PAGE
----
23/09/2015 8:45 AM AEST | Updated 15/07/2016 12:51 PM AEST

Volkswagen Emissions Scandal Widens

Getty Images/Sean Gallup
WOLFSBURG, GERMANY - MARCH 13, 2014: In this file photo Volkswagen CEO Martin Winterkorn attends the company's annual press conference on March 13, 2014 in Wolfsburg, Germany. Winterkorn announced on September 22, 2015 that he will not step down following the diesel emissions scandal that Volkswagen has admitted could affect up to 11 million VW cars. (Photo by Sean Gallup/Getty Images)

Thousands of Australians may be driving cars less environmentally friendly than they were led to believe, as Volkswagen investigates whether local cars were caught up in an emissions testing scandal.

German auto giant Volkswagen has revealed 11 million of its diesel cars worldwide are fitted with devices that can cheat pollution tests, in an announcement that has seen its shares plunge by 20 per cent.

The Australian arm of Volkswagen is checking with head office in Germany to see if it any vehicles sold in country have been affected, while investigations are being launched in France, South Korea and the United States.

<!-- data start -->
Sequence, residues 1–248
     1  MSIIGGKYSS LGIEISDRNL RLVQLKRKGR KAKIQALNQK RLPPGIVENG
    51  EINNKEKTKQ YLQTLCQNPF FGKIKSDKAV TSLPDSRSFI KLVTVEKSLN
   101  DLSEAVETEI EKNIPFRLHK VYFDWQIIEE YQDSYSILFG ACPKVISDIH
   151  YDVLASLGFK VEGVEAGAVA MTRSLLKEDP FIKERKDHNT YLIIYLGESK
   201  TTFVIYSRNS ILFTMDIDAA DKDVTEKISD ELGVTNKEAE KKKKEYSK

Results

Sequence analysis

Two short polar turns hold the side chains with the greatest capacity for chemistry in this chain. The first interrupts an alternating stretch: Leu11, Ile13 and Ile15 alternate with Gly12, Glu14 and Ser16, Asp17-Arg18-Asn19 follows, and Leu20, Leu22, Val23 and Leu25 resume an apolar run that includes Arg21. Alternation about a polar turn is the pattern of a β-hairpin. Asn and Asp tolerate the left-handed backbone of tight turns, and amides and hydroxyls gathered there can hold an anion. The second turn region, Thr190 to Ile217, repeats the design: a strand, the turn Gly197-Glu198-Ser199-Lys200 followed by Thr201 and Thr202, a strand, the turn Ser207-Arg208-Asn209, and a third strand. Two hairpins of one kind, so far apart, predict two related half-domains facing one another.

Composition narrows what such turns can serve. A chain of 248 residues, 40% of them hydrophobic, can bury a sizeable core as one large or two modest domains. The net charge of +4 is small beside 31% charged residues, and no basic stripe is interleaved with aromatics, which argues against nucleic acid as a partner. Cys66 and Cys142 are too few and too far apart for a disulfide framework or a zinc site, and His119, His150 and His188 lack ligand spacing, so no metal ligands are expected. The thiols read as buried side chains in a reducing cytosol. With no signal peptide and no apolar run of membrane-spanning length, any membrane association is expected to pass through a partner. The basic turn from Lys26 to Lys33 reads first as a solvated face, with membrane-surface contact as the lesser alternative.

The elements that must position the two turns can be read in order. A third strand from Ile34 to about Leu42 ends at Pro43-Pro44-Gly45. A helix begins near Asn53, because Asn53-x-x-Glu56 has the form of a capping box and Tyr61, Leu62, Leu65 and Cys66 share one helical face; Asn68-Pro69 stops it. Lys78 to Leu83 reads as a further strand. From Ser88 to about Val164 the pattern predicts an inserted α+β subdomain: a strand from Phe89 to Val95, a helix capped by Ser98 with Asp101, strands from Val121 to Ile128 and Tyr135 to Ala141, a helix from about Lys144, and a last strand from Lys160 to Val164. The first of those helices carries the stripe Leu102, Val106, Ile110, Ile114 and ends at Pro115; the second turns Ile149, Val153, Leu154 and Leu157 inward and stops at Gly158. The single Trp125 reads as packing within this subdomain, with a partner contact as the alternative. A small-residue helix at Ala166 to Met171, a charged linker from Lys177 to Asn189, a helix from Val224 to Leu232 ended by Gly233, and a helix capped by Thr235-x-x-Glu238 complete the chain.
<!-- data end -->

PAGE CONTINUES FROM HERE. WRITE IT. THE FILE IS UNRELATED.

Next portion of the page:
Sales figures to June showed the auto giant sold 32,000 cars domestically, up 12 per cent on the previous year.

This was on the strength of sales for Amarok, Golf, Polo, Touareg and Jetta models -- all of which feature diesel options.

Volkswagen has announced it is setting aside 6.5 billion euros to cover the potential costs of the scandal, which has so far seen the carmaker halt US sales of diesel cars as an investigation into the software gets underway.

"Further internal investigations have shown that the software concerned is also installed in other diesel vehicles," VW said in a statement.

"Anomalies have shown up in around 11 million cars worldwide that are equipped with a specific engine type.

The company's shares plunged 17 per cent on Monday and slid a further 20 per cent on Wednesday as news of the scandal broke.

On Friday, US regulators ordered Volkswagen to fix the defect and said they were launching a probe before the German firm halted all diesel vehicle sales in the United States for the investigation.

VW global CEO Dr Martin Winterkorn said he was "deeply sorry that we have broken the trust of our customers and the public.”

"We will cooperate fully with the responsible agencies, with transparency and urgency, to clearly, openly, and completely establish all of the facts of this case," he said.

Volkswagen had ordered an external investigation of the issue, he said.

German chancellor Angela Merkel has called for full transparency from Volkswagen.

German Transport minister Alexander Dobrindt said that he had asked Germany's Federal Motor Transport Authority "to immediately have specific and extensive tests conducted on all Volkswagen diesel models by independent experts".

UK Transport Secretary, Patrick McLoughlin, has also confirmed that he’s calling for an EU-wide investigation.